More than 6,000 languages are being spoken around the world today. More than half of the world’s population speaks one of ten languages, including Mandarin Chinese, English, Hindustani, Spanish, Arabic, Malay, Russian, Bengali, Portuguese, and French. The large number of individuals speaking these ten languages is a result of globalization.
While closing communication gaps has led to social and economic improvements, it has also put roughly 2,580 languages in danger of going extinct. According to data compiled by the United Nations (UN), one language stops being spoken every two weeks. February 21, 2020, marks the 20th anniversary of International Mother Language Day! The UN founded this day to encourage diversity and multilingualism. Below we cover the importance of multilingualism and why AMO requires visitors to be English proficient.
To remain connected to society and preserve a culture’s heritage by way of written and spoken word, multilingualism is essential. Multilingualism refers to the act of speaking more than one language. Doing so can allow individuals to expand their knowledge base, increase connection with others, and open up new pathways of thinking.
Despite the benefits that speaking multiple languages presents, current trends show a future with more monolingual citizens. According to one source, more than half of the languages still spoken today will disappear by the end of the century. With no one speaking the language, cultural artifacts, both spoken and written, could become impossible to translate. The implications this has as it relates to recording, understanding, and preserving cultural histories are huge.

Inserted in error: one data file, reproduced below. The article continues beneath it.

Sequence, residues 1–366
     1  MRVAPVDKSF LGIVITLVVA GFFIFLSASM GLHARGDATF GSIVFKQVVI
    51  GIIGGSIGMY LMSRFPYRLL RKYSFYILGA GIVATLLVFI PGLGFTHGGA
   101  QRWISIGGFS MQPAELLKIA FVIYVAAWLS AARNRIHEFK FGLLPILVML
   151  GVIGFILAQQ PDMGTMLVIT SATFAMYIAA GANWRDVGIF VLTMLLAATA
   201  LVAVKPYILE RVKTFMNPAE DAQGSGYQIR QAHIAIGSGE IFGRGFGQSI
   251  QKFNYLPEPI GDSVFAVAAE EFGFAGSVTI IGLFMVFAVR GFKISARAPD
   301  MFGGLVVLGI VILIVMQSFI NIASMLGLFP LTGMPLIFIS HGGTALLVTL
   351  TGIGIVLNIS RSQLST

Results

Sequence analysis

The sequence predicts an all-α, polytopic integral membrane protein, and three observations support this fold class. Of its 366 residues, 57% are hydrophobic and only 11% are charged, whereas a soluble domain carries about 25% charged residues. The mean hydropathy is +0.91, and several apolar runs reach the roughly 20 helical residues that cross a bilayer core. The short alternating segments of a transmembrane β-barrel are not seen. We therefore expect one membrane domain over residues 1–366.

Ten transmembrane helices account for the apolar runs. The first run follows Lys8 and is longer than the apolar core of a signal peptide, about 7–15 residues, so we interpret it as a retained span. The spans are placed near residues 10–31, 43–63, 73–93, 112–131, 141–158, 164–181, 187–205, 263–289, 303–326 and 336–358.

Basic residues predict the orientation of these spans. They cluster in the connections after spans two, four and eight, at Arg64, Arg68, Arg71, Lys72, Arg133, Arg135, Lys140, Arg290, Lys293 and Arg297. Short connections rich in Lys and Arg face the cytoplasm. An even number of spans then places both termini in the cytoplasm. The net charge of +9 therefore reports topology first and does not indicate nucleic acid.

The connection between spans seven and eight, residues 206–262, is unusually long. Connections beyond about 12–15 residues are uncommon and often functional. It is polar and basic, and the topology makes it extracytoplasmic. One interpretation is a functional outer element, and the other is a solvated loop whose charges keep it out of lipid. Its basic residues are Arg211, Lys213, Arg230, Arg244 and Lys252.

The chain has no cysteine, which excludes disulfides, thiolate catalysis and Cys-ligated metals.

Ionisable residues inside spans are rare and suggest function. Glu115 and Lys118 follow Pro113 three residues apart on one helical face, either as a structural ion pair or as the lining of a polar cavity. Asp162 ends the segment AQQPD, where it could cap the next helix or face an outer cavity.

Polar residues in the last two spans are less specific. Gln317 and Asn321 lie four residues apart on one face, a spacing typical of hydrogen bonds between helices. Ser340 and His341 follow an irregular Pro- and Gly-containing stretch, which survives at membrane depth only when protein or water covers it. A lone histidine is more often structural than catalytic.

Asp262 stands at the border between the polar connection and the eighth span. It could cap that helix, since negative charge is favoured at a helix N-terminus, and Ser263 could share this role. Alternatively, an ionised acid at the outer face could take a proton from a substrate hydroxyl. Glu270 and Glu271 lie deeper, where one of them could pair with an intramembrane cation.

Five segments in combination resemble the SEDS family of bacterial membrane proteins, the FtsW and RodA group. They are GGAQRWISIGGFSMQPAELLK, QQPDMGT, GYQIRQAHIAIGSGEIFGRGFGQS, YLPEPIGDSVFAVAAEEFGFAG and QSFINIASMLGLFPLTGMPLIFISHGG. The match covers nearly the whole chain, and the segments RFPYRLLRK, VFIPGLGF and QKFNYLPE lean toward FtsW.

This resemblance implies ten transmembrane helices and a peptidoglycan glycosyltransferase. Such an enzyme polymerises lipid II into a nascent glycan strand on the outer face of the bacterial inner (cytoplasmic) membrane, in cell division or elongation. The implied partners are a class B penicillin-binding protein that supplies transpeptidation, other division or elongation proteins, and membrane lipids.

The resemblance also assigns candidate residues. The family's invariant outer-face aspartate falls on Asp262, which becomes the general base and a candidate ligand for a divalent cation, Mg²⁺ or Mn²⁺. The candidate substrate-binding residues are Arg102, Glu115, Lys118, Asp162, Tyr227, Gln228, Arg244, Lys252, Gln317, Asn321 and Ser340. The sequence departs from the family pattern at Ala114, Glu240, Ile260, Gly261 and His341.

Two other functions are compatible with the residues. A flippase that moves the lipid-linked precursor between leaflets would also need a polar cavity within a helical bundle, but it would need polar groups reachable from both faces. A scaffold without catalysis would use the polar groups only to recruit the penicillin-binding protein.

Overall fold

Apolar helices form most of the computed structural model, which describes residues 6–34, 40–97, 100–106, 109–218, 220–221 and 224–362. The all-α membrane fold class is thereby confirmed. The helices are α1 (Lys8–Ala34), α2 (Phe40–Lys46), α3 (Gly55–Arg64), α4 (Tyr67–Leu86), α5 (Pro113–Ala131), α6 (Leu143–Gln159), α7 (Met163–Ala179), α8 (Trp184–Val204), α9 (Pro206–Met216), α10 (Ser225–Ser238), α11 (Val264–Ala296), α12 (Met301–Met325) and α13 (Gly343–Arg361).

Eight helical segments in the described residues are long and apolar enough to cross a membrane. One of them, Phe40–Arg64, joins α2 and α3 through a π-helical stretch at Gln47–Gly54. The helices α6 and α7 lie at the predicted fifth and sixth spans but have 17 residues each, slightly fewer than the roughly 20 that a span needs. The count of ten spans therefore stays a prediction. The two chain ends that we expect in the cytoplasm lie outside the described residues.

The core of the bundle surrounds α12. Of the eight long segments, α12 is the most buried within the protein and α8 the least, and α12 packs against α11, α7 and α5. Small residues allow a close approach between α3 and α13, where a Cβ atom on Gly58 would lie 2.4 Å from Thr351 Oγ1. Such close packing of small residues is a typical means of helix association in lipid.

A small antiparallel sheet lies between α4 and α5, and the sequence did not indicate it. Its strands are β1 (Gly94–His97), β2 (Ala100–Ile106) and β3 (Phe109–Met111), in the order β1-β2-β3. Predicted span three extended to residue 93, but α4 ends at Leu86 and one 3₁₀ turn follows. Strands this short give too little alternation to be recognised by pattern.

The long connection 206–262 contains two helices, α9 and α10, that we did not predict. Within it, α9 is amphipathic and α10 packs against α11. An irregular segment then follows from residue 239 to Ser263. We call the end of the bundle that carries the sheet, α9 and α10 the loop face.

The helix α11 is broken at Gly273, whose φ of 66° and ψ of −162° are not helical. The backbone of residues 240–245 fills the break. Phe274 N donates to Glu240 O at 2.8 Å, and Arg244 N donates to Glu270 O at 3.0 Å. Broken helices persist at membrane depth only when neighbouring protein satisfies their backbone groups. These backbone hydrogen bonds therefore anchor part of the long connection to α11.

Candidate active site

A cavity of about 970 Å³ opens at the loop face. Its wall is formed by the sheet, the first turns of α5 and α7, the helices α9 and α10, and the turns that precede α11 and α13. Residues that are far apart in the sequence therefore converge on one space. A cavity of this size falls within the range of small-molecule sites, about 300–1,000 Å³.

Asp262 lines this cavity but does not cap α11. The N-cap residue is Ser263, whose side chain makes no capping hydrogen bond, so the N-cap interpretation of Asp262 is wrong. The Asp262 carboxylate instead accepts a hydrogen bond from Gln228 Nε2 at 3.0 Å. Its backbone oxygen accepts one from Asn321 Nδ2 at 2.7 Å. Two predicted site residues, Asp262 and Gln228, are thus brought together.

While the importance of preserving languages is evident, it is challenging to outline a plan of action. For languages that are already on the way out, it can be hard to encourage their cultivation in new generations. Saving languages where the last speakers are separated by great geographical distances is an issue of its own.
One thing that could save these dying languages is their ability to be incorporated into technology. An example of this is apps connected to dying language, which allows users to text in the respective language. This could be the key to encouraging younger generations to adopt their mother tongue.
With ways to incorporate languages often considered outdated into modern society and the push from the UN to preserve them with days of awareness like international mother language day, it may be possible to put a pause of the disintegration of at-risk languages.
To fully enroll in a clinical experience with AMO, we require visitors to be English Proficient. Visitors can provide evidence of their proficiency by submitting one of the following:
- Letter from a Dean/Professor stating their medical school is taught in English
- TOEFL scores
- Overall IELTS score of 7.5 or above
Those who do not have one of the above can schedule a short phone call with an AMO Advisor or Coach to confirm their level of English proficiency. While we value the cultural and linguistic heritage of our visitors, we also want to set them up for success. In a clinical experience where the preceptor and most patients speak English, being English Proficient is essential. Without the proper tools to communicate effectively during the clinical experience, a visitor could lose out on the knowledge and skills being shared. They may also have trouble connecting with their patients and preceptor, which could make it challenging to earn a strong letter of recommendation.
Although we do require English proficiency, being multilingual is a superpower! With the diversity of the U.S. continuing to grow, there is a higher chance that an IMG can speak a patient’s language and connect with them on a deeper level. This could lead patients to have more meaningful experiences with their healthcare providers. Better communication may lead to better overall health outcomes.
Have a question about our English proficiency requirements?
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